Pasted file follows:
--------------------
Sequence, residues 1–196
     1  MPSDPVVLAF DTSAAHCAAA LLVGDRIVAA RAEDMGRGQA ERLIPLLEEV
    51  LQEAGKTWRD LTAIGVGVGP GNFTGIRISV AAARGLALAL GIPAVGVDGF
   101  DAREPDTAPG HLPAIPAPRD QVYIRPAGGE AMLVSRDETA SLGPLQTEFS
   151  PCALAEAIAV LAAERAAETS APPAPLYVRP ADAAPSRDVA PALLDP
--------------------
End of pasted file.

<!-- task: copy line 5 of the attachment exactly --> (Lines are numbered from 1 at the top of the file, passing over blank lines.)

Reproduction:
   151  PCALAEAIAV LAAERAAETS APPAPLYVRP ADAAPSRDVA PALLDP